NIAMEY (Reuters) – The death toll from Thursday’s attack by suspected jihadists on a Niger army base has risen to at least 89, four security sources said, surpassing a raid last month that killed 71 soldiers as the deadliest against Nigerien forces in years.
The government said on Thursday that 25 soldiers were killed, according to a provisional death toll, while successfully repelling the attack in the western town of Chinagodrar by assailants aboard motorcycles and other vehicles.
Four security sources told Reuters that at least 89 members of Niger’s security forces killed in the attack were buried on Saturday in the capital, Niamey.
One of the sources said the actual death toll could be higher because a number of soldiers were buried immediately on Thursday in Chinagodrar.
Defence Minister Issoufou Katambe said that an updated death toll would be announced after a national security council meeting on Sunday.
The Chinagodrar attack, coming a month after the raid in nearby Inates by fighters from an Islamic State affiliate that killed 71 soldiers, highlights the deteriorating security situation near Niger’s borders with Mali and Burkina Faso.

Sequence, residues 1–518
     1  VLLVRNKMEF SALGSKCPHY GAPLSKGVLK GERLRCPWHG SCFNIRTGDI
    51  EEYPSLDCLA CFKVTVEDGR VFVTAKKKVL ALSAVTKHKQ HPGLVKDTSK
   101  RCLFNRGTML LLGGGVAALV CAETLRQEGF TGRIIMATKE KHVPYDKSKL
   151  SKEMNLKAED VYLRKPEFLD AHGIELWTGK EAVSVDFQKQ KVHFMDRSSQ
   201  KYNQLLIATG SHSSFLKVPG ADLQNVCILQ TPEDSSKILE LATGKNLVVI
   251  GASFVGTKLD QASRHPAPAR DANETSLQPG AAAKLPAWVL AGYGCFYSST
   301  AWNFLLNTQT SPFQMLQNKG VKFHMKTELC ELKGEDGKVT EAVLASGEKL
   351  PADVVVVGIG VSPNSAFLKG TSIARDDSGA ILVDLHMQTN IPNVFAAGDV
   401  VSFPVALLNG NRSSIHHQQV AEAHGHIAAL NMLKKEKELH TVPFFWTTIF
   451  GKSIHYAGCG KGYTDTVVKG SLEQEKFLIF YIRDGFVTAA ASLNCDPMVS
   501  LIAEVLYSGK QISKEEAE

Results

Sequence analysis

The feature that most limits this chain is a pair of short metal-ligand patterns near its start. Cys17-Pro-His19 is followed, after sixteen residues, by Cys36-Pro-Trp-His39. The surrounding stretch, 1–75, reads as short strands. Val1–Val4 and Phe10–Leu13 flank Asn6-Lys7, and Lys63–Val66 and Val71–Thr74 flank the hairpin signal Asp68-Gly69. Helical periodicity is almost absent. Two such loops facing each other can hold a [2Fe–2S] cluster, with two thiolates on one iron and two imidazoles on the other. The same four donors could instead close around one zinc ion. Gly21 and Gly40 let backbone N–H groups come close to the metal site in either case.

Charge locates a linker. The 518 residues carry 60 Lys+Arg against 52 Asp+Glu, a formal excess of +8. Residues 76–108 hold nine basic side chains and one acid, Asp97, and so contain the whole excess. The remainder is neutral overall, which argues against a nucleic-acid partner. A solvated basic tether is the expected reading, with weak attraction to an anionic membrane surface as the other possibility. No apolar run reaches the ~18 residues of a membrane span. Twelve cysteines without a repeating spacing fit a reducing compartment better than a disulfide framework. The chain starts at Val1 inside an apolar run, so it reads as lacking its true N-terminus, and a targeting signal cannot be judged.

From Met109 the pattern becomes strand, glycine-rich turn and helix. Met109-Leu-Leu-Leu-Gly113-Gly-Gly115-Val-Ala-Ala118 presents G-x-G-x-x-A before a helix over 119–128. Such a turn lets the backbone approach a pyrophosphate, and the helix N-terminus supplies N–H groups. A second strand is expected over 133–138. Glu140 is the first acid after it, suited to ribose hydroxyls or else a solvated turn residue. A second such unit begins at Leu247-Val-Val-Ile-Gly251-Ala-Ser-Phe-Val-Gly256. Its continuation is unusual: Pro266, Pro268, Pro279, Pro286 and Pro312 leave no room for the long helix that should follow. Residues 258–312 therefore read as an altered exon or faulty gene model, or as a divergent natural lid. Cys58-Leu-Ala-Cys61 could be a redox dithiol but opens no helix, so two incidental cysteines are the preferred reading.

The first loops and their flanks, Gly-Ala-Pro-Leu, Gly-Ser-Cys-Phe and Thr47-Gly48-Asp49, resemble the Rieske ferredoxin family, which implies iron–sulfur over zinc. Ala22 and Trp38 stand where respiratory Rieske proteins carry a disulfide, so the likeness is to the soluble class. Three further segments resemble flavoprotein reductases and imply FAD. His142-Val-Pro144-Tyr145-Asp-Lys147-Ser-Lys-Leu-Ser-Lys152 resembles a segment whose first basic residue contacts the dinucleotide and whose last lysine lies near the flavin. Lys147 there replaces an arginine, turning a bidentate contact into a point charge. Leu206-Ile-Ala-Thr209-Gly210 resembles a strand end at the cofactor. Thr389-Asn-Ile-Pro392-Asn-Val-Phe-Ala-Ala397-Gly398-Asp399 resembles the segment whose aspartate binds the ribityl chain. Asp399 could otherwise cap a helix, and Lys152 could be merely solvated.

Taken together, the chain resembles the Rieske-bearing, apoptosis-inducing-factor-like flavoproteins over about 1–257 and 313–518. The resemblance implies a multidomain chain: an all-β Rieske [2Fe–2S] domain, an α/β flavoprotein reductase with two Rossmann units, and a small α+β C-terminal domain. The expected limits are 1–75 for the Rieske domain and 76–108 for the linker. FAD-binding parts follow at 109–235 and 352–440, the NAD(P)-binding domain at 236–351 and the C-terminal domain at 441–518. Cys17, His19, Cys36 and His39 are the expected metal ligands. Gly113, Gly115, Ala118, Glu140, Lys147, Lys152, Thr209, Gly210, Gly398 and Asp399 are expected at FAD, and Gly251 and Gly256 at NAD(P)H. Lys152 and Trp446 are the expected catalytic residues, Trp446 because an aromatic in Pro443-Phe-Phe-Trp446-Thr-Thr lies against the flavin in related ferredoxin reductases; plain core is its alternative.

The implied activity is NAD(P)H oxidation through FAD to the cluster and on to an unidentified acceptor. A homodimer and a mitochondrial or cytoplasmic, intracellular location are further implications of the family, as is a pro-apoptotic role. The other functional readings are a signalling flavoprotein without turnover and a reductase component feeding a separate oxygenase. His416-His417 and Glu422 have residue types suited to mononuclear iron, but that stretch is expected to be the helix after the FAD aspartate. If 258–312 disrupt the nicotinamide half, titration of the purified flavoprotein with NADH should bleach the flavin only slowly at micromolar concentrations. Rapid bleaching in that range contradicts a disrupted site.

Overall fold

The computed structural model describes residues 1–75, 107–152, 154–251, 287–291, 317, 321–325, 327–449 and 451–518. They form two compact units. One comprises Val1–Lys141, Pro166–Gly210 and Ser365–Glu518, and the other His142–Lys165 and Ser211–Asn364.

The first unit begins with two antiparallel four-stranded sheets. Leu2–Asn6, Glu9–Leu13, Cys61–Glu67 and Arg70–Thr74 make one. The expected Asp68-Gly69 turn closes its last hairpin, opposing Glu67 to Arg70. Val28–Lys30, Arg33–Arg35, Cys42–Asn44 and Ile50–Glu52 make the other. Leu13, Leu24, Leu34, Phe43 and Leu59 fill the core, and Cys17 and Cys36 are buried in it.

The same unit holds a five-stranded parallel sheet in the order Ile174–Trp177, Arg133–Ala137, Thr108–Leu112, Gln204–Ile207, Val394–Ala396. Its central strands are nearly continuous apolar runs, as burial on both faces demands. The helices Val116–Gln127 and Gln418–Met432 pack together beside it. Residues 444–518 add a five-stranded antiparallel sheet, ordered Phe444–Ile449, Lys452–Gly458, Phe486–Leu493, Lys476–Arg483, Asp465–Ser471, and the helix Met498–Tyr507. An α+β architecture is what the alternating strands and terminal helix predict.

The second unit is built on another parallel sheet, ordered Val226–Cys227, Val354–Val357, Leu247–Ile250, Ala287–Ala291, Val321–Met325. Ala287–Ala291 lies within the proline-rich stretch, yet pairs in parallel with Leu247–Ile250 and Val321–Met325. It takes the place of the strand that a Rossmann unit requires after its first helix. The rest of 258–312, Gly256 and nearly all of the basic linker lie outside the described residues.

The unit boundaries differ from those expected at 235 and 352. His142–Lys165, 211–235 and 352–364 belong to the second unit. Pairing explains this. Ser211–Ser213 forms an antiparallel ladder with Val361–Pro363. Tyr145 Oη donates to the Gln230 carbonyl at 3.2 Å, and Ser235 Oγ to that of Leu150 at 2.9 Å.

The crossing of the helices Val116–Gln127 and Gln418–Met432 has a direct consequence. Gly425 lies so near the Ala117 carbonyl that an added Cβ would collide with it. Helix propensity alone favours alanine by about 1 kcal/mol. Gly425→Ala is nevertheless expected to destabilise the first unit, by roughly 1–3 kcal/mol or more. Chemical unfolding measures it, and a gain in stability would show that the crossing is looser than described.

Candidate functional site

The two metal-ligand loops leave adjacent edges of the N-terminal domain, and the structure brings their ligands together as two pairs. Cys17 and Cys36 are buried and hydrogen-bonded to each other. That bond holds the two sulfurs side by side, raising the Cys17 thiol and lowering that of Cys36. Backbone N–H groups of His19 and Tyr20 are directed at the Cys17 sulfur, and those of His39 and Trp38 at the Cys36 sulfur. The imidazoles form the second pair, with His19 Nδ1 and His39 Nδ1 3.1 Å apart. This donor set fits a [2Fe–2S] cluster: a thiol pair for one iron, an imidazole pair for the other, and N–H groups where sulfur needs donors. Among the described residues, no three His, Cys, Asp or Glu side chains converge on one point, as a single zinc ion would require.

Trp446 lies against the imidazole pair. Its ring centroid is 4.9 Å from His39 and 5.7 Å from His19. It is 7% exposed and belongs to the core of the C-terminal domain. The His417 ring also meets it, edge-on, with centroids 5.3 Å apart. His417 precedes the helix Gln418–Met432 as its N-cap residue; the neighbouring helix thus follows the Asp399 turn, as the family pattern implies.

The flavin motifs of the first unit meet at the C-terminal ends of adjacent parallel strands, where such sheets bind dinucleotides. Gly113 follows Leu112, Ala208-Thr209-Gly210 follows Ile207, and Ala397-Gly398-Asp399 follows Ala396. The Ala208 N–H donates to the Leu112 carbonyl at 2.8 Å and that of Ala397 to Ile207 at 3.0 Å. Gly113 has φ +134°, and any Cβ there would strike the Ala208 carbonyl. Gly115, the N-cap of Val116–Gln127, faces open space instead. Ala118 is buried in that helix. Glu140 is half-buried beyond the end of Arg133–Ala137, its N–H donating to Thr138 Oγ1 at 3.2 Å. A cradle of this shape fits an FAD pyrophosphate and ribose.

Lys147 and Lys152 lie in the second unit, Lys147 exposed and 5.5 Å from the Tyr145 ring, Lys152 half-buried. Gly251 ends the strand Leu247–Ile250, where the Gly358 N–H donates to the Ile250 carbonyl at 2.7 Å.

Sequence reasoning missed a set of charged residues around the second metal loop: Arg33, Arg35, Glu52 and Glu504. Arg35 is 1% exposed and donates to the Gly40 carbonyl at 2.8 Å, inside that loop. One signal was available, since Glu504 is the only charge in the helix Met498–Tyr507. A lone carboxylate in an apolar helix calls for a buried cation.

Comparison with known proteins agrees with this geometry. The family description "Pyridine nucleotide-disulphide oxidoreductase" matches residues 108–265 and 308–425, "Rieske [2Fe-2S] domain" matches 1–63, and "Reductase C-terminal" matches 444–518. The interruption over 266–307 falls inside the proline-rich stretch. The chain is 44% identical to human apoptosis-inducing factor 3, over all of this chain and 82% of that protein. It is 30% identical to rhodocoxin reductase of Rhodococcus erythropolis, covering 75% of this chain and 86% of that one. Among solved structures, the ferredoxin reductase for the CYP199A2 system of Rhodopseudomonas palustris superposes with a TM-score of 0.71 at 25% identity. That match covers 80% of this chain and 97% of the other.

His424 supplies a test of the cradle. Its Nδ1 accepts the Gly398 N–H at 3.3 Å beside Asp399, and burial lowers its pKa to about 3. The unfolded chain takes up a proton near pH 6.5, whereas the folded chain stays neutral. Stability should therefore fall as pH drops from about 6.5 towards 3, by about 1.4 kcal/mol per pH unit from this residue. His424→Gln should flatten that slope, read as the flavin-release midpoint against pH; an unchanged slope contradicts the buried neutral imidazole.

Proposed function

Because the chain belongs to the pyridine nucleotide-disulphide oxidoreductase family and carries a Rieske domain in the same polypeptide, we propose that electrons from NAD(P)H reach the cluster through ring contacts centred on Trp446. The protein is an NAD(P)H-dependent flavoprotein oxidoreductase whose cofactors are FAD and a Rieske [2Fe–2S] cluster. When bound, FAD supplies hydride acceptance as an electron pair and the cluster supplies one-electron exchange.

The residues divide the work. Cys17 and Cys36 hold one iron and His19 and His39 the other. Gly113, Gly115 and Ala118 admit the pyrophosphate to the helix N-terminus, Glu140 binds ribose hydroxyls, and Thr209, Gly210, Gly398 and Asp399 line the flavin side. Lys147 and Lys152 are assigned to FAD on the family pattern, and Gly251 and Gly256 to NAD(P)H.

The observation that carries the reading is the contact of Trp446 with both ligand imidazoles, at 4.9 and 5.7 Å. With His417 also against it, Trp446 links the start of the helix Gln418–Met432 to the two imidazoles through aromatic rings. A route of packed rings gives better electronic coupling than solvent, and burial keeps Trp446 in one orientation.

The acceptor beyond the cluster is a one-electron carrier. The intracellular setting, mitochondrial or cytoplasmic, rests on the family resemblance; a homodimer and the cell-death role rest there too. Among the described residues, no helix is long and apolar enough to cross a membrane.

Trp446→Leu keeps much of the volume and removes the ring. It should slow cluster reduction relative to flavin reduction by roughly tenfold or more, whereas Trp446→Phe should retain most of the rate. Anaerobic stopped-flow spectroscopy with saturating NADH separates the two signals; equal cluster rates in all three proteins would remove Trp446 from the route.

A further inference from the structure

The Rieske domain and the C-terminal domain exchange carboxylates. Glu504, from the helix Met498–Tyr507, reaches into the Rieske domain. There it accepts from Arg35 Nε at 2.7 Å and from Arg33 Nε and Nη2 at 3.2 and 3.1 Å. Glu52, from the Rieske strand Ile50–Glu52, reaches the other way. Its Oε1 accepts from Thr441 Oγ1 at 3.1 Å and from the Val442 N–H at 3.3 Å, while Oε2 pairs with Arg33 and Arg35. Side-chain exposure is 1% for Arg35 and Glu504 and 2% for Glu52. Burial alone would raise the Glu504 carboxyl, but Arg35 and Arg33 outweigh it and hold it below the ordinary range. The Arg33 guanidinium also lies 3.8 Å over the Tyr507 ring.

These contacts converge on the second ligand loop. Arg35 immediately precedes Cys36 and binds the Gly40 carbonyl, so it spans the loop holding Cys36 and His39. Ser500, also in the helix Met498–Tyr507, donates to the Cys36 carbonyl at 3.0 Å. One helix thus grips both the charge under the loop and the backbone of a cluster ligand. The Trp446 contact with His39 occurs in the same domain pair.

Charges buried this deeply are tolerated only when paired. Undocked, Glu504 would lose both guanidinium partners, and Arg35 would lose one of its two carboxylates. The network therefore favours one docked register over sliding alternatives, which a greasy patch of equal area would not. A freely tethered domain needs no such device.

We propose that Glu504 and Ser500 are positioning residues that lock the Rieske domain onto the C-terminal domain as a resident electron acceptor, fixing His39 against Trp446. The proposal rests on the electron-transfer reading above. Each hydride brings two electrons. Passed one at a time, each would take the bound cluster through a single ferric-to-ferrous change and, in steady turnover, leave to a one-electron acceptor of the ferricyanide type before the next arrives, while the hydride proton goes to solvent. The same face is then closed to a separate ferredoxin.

Attacks have risen fourfold over the past year in Niger, killing nearly 400 people, according to data from the Armed Conflict Location & Event Data Project, a non-profit research organisation, despite efforts by international forces to stop militants linked to Islamic State and al Qaeda.
French fighter jets were scrambled on Thursday to scare off the attackers, France’s regional taskforce said, possibly averting an even heavier casualty count.
No group has yet claimed responsibility for the attack, but Katambe said on Friday that the army would launch a new offensive against jihadists.
West Africa’s Sahel region, a semi-arid belt beneath the Sahara, has been in crisis since 2012, when ethnic Tuareg rebels and loosely aligned jihadists seized the northern two-thirds of Mali, forcing France to intervene to temporarily beat them back.
Reporting by Moussa Aksar and David Lewis; Additional reporting by Boureima Balima and Aaron Ross; Writing by Aaron Ross; Editing by Giles Elgood